On the record before us, however, we can only conclude that there was support for the challenges made, and Sherrills has not demonstrated that the district court's ruling was clearly erroneous.2
We have considered Sherrills' other arguments and conclude they have no merit. Permitting the expert to explain the mistake in his own testimony was well within the district court's discretion, and Sherrills' attorney made very good use of the mistake in recross examination. As to the closing argument, Sherrills complains that no evidence supported the prosecutor's statement that "there is no humanly way possible that a single individual could ingest two grams and certainly not four grams a day." This was an inference that the prosecutor drew during the course of her argument from the evidence of the weight of a dosage unit of crack, and was within the district court's discretion to allow. Sherrills also complains of the prosecutor's incorrect statement that no pipe was found in the house where Sherrills was arrested. The prosecutor argued that if Sherrills had been so heavily addicted that he possessed 26 grams of crack for his personal use, he would have been smoking incessantly and would not have gone anywhere without a pipe. Sherrills did not object to the misstatement at trial, and in the light of the overwhelming evidence against Sherrills, this argument was at most harmless error. See United States v. Kragness, 830 F.2d 842, 871 (8th Cir. 1987).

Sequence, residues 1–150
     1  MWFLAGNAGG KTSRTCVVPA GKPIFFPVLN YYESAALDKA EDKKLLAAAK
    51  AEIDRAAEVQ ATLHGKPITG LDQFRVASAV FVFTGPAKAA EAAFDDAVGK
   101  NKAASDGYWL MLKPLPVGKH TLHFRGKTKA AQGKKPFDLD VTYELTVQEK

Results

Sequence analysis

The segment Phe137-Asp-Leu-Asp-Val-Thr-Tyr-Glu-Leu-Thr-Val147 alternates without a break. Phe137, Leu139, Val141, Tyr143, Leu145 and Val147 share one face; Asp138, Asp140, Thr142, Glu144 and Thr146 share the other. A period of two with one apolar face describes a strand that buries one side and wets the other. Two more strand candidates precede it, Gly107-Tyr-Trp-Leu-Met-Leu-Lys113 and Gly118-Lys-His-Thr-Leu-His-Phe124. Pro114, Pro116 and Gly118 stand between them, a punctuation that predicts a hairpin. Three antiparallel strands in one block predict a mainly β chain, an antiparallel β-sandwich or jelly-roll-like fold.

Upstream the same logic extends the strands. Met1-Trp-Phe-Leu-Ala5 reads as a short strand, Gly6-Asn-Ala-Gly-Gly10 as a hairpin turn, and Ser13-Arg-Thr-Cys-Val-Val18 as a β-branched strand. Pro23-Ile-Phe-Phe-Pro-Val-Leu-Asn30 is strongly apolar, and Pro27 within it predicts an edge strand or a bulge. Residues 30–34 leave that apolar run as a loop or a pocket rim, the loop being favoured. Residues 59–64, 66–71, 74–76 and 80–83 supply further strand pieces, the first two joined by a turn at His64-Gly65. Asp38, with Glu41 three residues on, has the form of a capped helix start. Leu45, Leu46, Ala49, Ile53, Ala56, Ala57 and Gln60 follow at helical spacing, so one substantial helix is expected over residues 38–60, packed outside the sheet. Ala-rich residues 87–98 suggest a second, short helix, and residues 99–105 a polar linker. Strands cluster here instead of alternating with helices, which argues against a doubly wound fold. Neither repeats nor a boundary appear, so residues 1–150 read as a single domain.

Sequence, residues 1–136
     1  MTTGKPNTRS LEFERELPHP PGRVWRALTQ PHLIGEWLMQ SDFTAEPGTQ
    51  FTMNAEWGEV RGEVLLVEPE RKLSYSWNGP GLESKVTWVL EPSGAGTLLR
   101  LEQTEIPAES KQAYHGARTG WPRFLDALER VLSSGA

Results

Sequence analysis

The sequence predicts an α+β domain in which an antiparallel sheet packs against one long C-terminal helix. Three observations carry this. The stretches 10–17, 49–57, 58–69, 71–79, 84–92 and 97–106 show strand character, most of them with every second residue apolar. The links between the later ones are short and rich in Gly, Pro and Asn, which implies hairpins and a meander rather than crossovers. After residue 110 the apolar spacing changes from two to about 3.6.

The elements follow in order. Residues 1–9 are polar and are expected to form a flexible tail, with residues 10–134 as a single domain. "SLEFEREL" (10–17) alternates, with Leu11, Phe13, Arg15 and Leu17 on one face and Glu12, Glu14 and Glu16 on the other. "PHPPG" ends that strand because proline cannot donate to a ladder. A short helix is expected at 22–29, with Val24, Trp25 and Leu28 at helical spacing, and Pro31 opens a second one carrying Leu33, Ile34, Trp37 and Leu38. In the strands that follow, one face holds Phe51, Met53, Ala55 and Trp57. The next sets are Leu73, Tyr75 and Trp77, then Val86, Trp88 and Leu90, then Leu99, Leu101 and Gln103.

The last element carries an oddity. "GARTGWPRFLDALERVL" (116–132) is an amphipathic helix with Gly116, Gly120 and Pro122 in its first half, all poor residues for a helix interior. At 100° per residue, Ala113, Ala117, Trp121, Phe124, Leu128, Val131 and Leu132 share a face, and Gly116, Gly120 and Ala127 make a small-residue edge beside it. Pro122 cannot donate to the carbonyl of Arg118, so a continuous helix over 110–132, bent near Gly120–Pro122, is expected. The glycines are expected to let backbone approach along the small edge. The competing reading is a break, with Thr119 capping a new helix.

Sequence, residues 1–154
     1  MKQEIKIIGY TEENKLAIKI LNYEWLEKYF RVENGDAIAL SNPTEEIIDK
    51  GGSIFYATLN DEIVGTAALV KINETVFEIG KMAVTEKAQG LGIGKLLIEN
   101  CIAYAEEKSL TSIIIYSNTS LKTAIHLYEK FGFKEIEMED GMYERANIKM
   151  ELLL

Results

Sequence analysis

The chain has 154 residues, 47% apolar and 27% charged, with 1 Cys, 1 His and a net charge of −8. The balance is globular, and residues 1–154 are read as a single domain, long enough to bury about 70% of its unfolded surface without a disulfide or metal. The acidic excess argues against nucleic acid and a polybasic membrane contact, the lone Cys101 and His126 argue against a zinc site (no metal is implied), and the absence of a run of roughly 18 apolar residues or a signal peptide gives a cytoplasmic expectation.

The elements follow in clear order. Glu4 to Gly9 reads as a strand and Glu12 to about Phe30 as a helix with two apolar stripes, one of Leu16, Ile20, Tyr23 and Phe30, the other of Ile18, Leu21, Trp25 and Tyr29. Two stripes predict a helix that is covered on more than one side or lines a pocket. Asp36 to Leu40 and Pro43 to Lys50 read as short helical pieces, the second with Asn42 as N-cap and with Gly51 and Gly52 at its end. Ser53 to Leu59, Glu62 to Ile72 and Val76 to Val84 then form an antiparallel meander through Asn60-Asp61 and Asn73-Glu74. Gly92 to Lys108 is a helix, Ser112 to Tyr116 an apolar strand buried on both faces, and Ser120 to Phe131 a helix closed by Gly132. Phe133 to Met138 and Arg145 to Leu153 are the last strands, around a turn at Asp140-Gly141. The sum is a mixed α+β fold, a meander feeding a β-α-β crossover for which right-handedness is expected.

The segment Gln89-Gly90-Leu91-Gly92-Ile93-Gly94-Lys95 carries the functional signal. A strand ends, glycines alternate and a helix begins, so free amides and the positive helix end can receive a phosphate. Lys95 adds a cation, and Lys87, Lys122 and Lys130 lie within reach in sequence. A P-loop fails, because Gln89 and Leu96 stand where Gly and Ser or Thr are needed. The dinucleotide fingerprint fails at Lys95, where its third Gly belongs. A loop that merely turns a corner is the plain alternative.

The conviction is affirmed.
The Honorable William L. Hungate, United States District Judge for the Eastern District of Missouri
Sherrills has called to our attention a number of cases arising from the Eastern District of Missouri, before and after Batson, stating that the United States Attorney's office there makes a practice of discriminatory use of peremptory challenges. United States v. Johnson, 721 F. Supp. 1077 (E.D. Mo. 1989), aff'd, 905 F.2d 222 (8th Cir. 1990), cert. denied, --- U.S. ----, 111 S. Ct. 304, 112 L. Ed. 2d 257 (1990). We have affirmed the district court's decision in Johnson, and we need not comment further on these cases. We are troubled, however, by the government's reliance on dicta of the district court in Johnson, a decision which openly criticizes Batson. It should not be necessary for us to say that district courts, district attorneys and this court must follow Batson